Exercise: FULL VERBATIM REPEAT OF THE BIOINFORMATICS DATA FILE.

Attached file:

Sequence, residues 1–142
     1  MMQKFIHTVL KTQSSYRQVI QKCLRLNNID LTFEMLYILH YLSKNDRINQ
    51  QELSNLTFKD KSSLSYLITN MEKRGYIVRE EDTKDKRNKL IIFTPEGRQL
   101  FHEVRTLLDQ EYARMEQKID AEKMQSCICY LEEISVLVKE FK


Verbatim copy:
Sequence, residues 1–142
     1  MMQKFIHTVL KTQSSYRQVI QKCLRLNNID LTFEMLYILH YLSKNDRINQ
    51  QELSNLTFKD KSSLSYLITN MEKRGYIVRE EDTKDKRNKL IIFTPEGRQL
   101  FHEVRTLLDQ EYARMEQKID AEKMQSCICY LEEISVLVKE FK